Winnipeg Free Press (Newspaper) - August 6, 1948, Winnipeg, Manitoba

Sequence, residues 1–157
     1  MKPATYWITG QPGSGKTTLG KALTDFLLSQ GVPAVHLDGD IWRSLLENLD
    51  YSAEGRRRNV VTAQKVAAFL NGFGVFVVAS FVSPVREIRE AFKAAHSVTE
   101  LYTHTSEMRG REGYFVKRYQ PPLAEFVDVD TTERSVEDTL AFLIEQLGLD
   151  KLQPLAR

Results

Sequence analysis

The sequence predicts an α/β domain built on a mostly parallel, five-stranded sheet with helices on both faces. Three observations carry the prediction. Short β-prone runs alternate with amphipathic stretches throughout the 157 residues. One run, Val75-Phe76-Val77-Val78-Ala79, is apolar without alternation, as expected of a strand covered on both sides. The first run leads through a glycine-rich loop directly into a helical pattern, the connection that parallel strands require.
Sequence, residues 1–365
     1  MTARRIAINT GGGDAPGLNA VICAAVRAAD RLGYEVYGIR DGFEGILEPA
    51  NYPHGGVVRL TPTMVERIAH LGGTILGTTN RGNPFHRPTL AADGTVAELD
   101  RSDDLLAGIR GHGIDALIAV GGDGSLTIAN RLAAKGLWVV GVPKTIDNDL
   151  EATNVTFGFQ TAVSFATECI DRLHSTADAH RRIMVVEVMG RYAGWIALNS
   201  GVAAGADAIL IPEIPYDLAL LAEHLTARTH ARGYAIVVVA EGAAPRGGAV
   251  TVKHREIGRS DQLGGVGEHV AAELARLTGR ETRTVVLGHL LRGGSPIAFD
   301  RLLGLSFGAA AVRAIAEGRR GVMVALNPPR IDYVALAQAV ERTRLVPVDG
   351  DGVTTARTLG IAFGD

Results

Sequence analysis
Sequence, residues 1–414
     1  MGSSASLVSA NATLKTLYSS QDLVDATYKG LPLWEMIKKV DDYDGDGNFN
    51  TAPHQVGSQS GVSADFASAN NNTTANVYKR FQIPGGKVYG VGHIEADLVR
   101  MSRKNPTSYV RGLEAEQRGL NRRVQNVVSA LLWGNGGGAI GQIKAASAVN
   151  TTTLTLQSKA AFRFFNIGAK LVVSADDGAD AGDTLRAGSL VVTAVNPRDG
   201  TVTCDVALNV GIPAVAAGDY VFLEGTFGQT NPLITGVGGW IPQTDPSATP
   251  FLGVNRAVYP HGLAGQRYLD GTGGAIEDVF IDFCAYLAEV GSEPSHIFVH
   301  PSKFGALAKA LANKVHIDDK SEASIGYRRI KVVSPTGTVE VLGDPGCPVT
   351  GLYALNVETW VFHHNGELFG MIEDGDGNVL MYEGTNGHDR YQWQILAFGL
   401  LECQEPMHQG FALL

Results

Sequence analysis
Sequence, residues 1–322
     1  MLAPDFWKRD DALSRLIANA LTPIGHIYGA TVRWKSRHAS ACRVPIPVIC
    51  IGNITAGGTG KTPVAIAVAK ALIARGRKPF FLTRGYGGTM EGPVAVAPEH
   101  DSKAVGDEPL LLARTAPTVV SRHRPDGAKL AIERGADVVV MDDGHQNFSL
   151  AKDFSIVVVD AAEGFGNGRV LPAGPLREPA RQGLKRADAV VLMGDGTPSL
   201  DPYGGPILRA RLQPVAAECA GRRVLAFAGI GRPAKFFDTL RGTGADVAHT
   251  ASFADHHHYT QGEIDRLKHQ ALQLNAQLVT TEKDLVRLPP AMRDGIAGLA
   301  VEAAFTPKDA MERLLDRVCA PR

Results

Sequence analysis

PAGE 2 WINNIPEG FREE PRESS, FRIDAY, AUGUST 6. 1.94S John Nicholson's first venture as farmer has him more than a little puzzled. He planted a patch of seed potatoes last spring at His Wey mouth. Mass. farm. Wednesday he yanked up tomato plants and found normal potatoes at their roots. The potato plants, he said, sprouted tom- atoes. He blames the whole thing on B ?v--arm of bees and credits them with a remarkable job of cross- pol- Jtnization. EASY PAYMENTS 10% Down 10 Months to Pay No Interest No Carrying Charges MITCHELL-COPP Ltd. "The House of Dignified Credit" Toronto. The, announcement was made Thursday by the Central Mortgage and Housing corporation, About 12 Haligonians, tuberculo- sis sufferers who refuse to enter hospital for treatment, will be charged in court by the Halifax city health department shortly, un- der1 the province's new compulsory treatment law, it was announced Thursday. Dr. A. R. Morton, city health commissioner, said all in advanced stages of the disease. Penalty is a miximum one-year sentence and from year to year thereafter until the prisoner is cured. Pyc British manufactur- ers of television equipment, will soon begin operations in the form- er explosives plant at Ai'ax which operated the explosives plant. f The motor vessel Terra Nova, chartered by the Hudson's Bay com- pany, will leave Montreal Sunday headed for the Arctic with supplies for the settlements along the east- ern and northern coasts of Baffin island, according to a resources de- partment announcement -Thursday in Ottawa. The ship is one of seven being used to do the work of the Nascopie, wrecked last year off Cape Dorset, Baffin island. A new government vessel to replace the Nascopie will be ready by 1950. Canada's most famous ponies, those that roans wild on barren Sable island, JljO miles "from Nova Scotia's shores, are up for sale to ''he highest bidder. A War As- s e t s corporation advertise- ment, puhlished in Halifax, which offered the ponies sale said there are 300 "more or less." The Stipulation bind- ing the deal is that the pur- chaser must catch the ani- mals himself. ir Premier Byron Johnson of Brit- ish .Columbia will meet in Mont-. real Monday'with R. C. Vaughan. president of the Canadian Nation- al railways, and W. A. Mather of the Canadian Pacific railway to discuss extension jf the Pacific Great Eastern railway into Peace river hloc in B. C. the Governor Alfred E. Driscoll of New Jersey Thursday refused to return John Colier "to what his lawyer said would, be a "livin death" on a South Carolina chain gang. Colier, a Negro, escaped from the chain gang 11 years ago after serving nine months of a 19-month sentence. He had stolen The exploits of Canada's pioneer Airman have been rec- ognized at last. From now on, by some at least, he will be railed "Flash in the Sky Boy." The title was given him by the Cree Nation Indian tribe in Saskatchewan. His real name is William W. Gibson, and on a visit to Ottawa Thursday he dropped in at the dominion archives to pass the time of day with an old friend motor of his first plane, which he built at Victoria, B.C., in 1913. Seven British" newspapers involved in a wage dispute with the typographical union handed dismissal notices Thursday to employees in their Manchester plants. Ed- itorial as well as mcchinic'al workers were affected. The papers are the Daily Express, Sunday Express, Daily Mail, Sunday Dispatch, Daily Herald, Xews Chronicle and People. A record of the thousand and one reasons why Johnny plays truant from school is being com- piled by the British ministry of educatio'n. Johnny's excuses are said to include: "grandmothers' "boots being "helping father in the "helping mother in the "loss of school "sprained "loss of "shop- ping and queuing." Marriage by proxy was ruled illigal by Roman Ozaeta, Philip- pine secretary of justice. A Swiss national applied for. permission to wed his fiancee, now in Switzer- land, through a stand-in. "The physical presence of the contract- ing parties is indispensable in the solemnization of marriages in the replied the secretary, Troubled waters in the Mid- dle East hold no terrors for Moslems of the Philippine islands. This year ;Moros will set sail from Manila Aug. 20, for 'their annual pilgrim- age to Mecca in Saudi Arabia. Said one: "We are willing to risk death to fuJfi! our religi- ous It pays to carry a giin when you ride Australia's territory roads. That's the way .one motor- cyclist felt recently when a 15- foot python, lying on the road, lunged at him. He shot it, and later eliminated another 'road men- ace a. tree snake that had dropped on him. Earl K. Browder, former 14'cne- ral secretary of the Communist party in the United States, Thurs- day lost an appeal to the Com- munist national convention, in New York, for re-insuitement in the party. He was ousted as a party member two years ago af- ter he was accused of favoring SALUeS 'Won't Support Communists' "I don't talk about people if I can't say good about them, this is GOOD about her." 'Sexy' Literature War Pushed By Druggists WINDSOR, Ont., Aug. 6- Two Union Groups Drop Support In Seamen War OTTAWA, Aug. 6 (CP) Sup-1 number of rank and file mem- port for the Canadian Seamen's! bers of the C.S.U. union and the Trades and Labor) Many of the T.L.C. officials re- Congress defending its dispute j fused to attend the original meet- wnth. shipping companies withered ]ing. some lhem ODJecting to Thursday night with the presence of C. S. Jackson, who served notice of termination of Its agreement with the Canadian Sea- men's union, effective Ocu 15. LONDON (CP) Eleven coun- tries are expected to compete in the world archery championships to be held here thi.s summer. nouncement of withdrawals by two they said has Communistic sym- powerful union outfits. pathies. Frank Hall, head of the power- BREAK WITH C.S.U. ful IS international railway MONTREAL Aug 6 (CP) __ which last month won a 17-cents-jjh'e shipping 'federation of Can- an-hotir wage battle, said his or-fcda. announced Thurscluv it had ganization will not support Com------------------ has The Canadian Pharmace'utiqSt as- sociation's 15-year war on literature, whether in cornic, books, magazines or will be- intens- ified this year, the executive' of the association announced Thursday. The 40th convention of the C.Ph.A. is being held in con- junction with meetings of Cana-' dian college pharmacy heads. R. E. Forbes of Wadena, Sask., said the C.Ph.A. would ask all members in the dominion to take a stand against selling publica- tions stressing sex. E. P. Foley of Summerside, P.E.I., was elected president of the association. Sheldon Spun- of Na- naimo, B.C., was chosen vice-pres- ident. a policy of co-operation with capi- Prcsident ELpidio Quirino of the j talism. Philippines has a certificate he prizes greatly. It is a Red Cross testimonial to the fact that he is a blood donor. The president was the first to give a pint of blood when donors lined up recently to contribute to the proposed centra] blood bank of the Philippine Na- tional R.ed Cross. ..Chiirles secretary of the U.S. depaVtrh'en'f bl commerce, said Thursday that, because of the nation's improved coal supplies, quota restrictions on coal exports will be discontinued Sept. 1. He said prospects "are favorable" that enough coal, will produced in the next few months to meet both do- mestic and foreign requirements. FORT ERIE, Ont. to be one of the most modern in the Niagara Peninsula, a new fire hall is being completed in Fort Erie at a total cost of RADIOS REDUCED! WELL-KNOWN, NATIONALLY-ADVERTISED NAMES! During our Great August Furniture Sale These are floor samples, and demonstrators one of a kind in console and table models. Get yours white they last. 843 Main St. Saturday we are open until 9 p.m. Maj. Gen. Charles Boucher, commander of British 1'o.recs in Malaya, predicted Thurs- day that the war against Com- munist insurgents would con- tinue sit least another 15 months.' HIROSHIMA PLEA (AP) The residents of this first atom-bombed city joined Friday in a plea for world peace and a prayer that atomic energy will be used ".tor the benefit mankind." At 8.15 a.m., the moment the bomb burst over Hiroshima three years ago, Mayor Shinzo Hamai led townspeople in re- newing "solemn vows to' con- tribute our bit to the peace of the world." African .suspicion of Europeans is poisoning life in the Gold Coast, according, to a report, of the offi- cial commission inquiring into dis- turbances, .there in .February and March this year. In disorders throughout the. country 29 'were killed'and 237 injured. The report, published in London, said "by far the most serious problem which the administration had to face is the suspicion which surrounds government activity of any sort." A whole new playground for tourists particularly for free- spending Americans, is. being de- veloped on Australia's reef islands. Natural -beauty abounds. on the reef: brightly-colored fish, vivid live coral formations, brilliant shells and clear blue water. At present, island resorts are badly managed and uncomfortable, but several Australian promoters hope in the near future to spend sever- al million dollars on luxury hotels. Infantile paralysis is s'prcud- injf in more than half the United States. In North Caro- lina, Texas nnd California, it has reached epidemic propor- tions. There were cases in the U.S.-up to July 31. :Vf Id. "Delegates To Ottawa Named ST. JOHN'S Nfld., Aug. 6 (CP) -Names, of Newfoundland dele- gates who will go to Ottawa to negotiate terms of confederation were announced Thursday by the commission government. Delegates will be: A. J. Walsh, commissioner for justice; F. Gor- Bradley, leader of the con- federates in the last referendum; Chtfley A. Crosbie, Jeader of the party which advocated closer economic ties with the United States: Phillip Grouchy, marrager of the Anglo-Newfoundland Devel- opment company; J. -B. McEvoy. former chairman of the national convention; Joseph R. Smallwood. campaign manager of the Con- federate party, and Gordon A. past president of the Newfoundland hoard of trade. Ford Prices Up At Detroit DETROIT, Aug.'6 Ford Motor company Thursday in- creased -the price of its cars S75 on all but one model because of ''increases in material and labor costs." It was the second such price boost for Ford within two months. It five The com- pany boosted Ford prices eight per cent, when the 1949 Ford was introduced in June. All models of the_16 Ford mod- els received the 575 increase ex- cept the lowest-priced Ford, the business coupe, which received a S5 decrease. The business coupe mode' price was reduced from to S1.15S. Transit Strike Looms NEW YORK Aug. 6 Transport Workers union (C.I.O.) Thursday voted to strike Saturday against the Third avenue transit system which serves some 1000 daily riders iri Manhatt3.n, county and the Bronx. Brazil Places Flour Back On Licence List RIO DE JANEIRO, Aug.' 6 (CP) Canadian embassy officials have denied reports that Brazil had em- bargoed wheat i flour shipments from Canada. Authorities said Brazil, 'how- ever, had returned wheat flour to the import licence 'list The government recently abo- lished import restrictions because of a wheat shortage felt here since 194S. But the United States soon afterward lifted "wheat export re- strictions, Argentina. lowered its price and Canada produced a sur- plus. Brazil was thus forced to place wheat flour back on the licence list. munists and has "bolted" from current meetings of the T.L.C. He said when his group arrived at (he sessions, he found them at- tended by "about 98 per cent- And about two per ent. fellow travellers. So we walk- d out." Pat Conrby, secretary-trea- surer of the Canadian Con- gress of Labor, said his organ- ization hits been invited to par- ticipate in the discussions to aid the C.S.0. but has de- clined to do so for reasons in- dicated only to Percy Ben- g-oujrh, president of the TX.C. Nevertheless, the executive com- mittee of the T.L.C. decided 'hursday it will make a personal pproach to the cabinet in an ttempt to force a settlement of he lake shipping dispute. Another resolution approved the '.L.C. executive's previous sttp- ort for the striking Canadian eanien's union and thair attempts o get a settlement. The. TX.C. officials met sep- arutely'ttfter the oriuimd nn-ct- inK culled by Mr. BengouKh was invaded by representatives of some Canadian Congress of Traitor unions and hy a larger TAKE HOME TODAY "A TREE IN THE MEADOW" By "Hutch" A Victor Recording RECORDS LATEST RELEASES POPULAR CLASSIC PRIVATE BOOTHS STEWART ELECTRIC "Everything Portage at the Matl Ph. 37 097 WAR SURPLUS STEEL BODIES LKSS THAN HALF ItEGULAK FJIJ.CK 5115.00 33 h-h high S 14500 33 inches high BRAND NEW BODY NEVER BEEN USED. PAINTED ARMY COl-OR. HAUL 250 BUSHELS WHEAT HAUL. Grain, livestock, becU, many olhoi- uses. CAPACITY. With slake pockets now In tlie body jr. is very simple Lo extend the height of the box lo carry approxi- mately 200 busMeis wheat in the 30 foot box and bushels In the 12 loot Sills measure 3S Indies I mm out.suJc to oLit.si'Je. 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Blue, green or red in or large check design. Yd........................ 40" Curtain Goods yellow, red, blur, jrern. Cotton marqui- sette In assorted flock Ref. 40c SHOP IN PHONE OR MAIL ORDERS PLEASE! Selkirk ORETZKI'S DEPARTMENT STORI Powtrt 493-95 Selkirk Ave. ijlt.r lilt t. V. Ik irk AVI. W.Ik wtlf.